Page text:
How is Aircraft Ownership Impacted by Registry Choice?

The question of the best registry for your aircraft can be a complex one. Gerrard Cowan speaks with industry experts to find out some of the things an aircraft owner needs to consider...

Gerrard Cowan  |  02nd September 2022
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Gerrard Cowan
Gerrard Cowan

Gerrard Cowan is a freelance journalist who focuses on aerospace and finance. In addition to his regular...

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Business jet ownership is international by nature, with the potential for operators to register their aircraft in many jurisdictions around the world. What factors should guide their decision, and how could their choice of registry impact on their ownership?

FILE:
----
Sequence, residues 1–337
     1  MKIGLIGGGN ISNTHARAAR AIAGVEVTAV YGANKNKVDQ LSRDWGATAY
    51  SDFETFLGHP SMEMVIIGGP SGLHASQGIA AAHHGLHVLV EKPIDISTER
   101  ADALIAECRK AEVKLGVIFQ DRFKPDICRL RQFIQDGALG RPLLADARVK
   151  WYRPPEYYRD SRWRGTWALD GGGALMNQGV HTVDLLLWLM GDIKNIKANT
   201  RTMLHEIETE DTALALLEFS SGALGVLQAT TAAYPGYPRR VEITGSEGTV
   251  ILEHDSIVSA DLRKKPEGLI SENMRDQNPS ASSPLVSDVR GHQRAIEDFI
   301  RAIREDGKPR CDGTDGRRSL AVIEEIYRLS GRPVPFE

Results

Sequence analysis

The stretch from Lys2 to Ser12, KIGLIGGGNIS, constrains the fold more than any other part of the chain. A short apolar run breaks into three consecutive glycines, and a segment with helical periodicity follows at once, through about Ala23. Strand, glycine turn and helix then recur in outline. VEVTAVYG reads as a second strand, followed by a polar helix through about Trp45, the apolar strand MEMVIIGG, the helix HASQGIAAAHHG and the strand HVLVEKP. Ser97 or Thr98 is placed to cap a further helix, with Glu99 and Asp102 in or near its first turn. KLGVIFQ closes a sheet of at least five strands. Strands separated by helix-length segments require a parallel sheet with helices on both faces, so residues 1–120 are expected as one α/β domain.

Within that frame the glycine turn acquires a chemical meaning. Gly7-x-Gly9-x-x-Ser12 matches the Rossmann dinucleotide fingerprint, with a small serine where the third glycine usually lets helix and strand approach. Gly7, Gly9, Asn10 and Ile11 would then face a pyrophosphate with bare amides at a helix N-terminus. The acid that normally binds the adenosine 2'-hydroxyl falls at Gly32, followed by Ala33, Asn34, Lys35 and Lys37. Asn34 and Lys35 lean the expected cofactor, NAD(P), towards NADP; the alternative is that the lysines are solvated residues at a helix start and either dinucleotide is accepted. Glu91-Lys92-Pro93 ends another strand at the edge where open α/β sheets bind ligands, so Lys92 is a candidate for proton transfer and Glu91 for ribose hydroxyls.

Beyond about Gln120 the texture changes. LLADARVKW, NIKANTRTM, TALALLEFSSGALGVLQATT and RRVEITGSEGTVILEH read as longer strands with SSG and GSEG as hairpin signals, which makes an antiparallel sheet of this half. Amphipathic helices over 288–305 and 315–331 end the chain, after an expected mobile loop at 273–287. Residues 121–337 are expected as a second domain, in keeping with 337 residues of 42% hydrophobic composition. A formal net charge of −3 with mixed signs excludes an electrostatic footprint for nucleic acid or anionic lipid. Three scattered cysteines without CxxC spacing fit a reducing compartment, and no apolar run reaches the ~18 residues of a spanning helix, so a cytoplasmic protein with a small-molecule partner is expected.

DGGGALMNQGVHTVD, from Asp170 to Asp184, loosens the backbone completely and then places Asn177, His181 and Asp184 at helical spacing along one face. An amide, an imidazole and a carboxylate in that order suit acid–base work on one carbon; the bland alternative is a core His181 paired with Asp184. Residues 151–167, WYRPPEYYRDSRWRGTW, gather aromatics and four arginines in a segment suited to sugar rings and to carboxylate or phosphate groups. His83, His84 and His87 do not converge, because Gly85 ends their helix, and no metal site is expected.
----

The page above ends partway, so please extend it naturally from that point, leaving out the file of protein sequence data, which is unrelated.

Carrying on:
The decision will be dictated, in part, by the owner’s intended use and operation of the aircraft. However, “in essence, people tend to pick operators and registries local to them who are familiar with the operating environment and airspace regulation,” says Aoife O’Sullivan, Partner at The Air Law Firm, a specialist aviation law practice.

The precise choice can be driven by a variety of complex factors, O'Sullivan notes.

According to Alexandria Colindres, CEO of The Registry of Aruba, the first focus is usually determining an aircraft owner’s operational needs – notably whether it’s being operated privately for their own use or chartered out. The registry will also ask them where they intend to operate the aircraft.

Such operational needs “are going to tell us whether or not we’re the right fit for them.” If the aircraft is intended to be flown commercially for charter in Europe, it generally should be registered in the same country as that of the Air Operator Certificate (AOC), O’Sullivan suggests.